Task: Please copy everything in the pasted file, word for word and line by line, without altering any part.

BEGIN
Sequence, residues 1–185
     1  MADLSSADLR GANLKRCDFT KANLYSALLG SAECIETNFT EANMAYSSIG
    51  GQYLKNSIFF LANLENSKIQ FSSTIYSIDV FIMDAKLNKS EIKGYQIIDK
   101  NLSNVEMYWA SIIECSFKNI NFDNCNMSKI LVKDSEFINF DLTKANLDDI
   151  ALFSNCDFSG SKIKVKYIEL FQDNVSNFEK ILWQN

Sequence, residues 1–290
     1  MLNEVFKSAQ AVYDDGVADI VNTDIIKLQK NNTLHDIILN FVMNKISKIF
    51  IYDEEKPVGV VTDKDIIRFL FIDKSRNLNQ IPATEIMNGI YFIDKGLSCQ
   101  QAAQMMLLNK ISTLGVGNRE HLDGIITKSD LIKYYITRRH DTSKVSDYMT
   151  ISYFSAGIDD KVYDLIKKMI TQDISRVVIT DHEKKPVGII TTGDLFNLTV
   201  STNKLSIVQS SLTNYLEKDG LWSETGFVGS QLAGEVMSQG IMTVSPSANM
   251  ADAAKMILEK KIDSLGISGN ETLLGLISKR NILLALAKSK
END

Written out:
Sequence, residues 1–185
     1  MADLSSADLR GANLKRCDFT KANLYSALLG SAECIETNFT EANMAYSSIG
    51  GQYLKNSIFF LANLENSKIQ FSSTIYSIDV FIMDAKLNKS EIKGYQIIDK
   101  NLSNVEMYWA SIIECSFKNI NFDNCNMSKI LVKDSEFINF DLTKANLDDI
   151  ALFSNCDFSG SKIKVKYIEL FQDNVSNFEK ILWQN

Sequence, residues 1–290
     1  MLNEVFKSAQ AVYDDGVADI VNTDIIKLQK NNTLHDIILN FVMNKISKIF
    51  IYDEEKPVGV VTDKDIIRFL FIDKSRNLNQ IPATEIMNGI YFIDKGLSCQ
   101  QAAQMMLLNK ISTLGVGNRE HLDGIITKSD LIKYYITRRH DTSKVSDYMT
   151  ISYFSAGIDD KVYDLIKKMI TQDISRVVIT DHEKKPVGII TTGDLFNLTV
   201  STNKLSIVQS SLTNYLEKDG LWSETGFVGS QLAGEVMSQG IMTVSPSANM
   251  ADAAKMILEK KIDSLGISGN ETLLGLISKR NILLALAKSK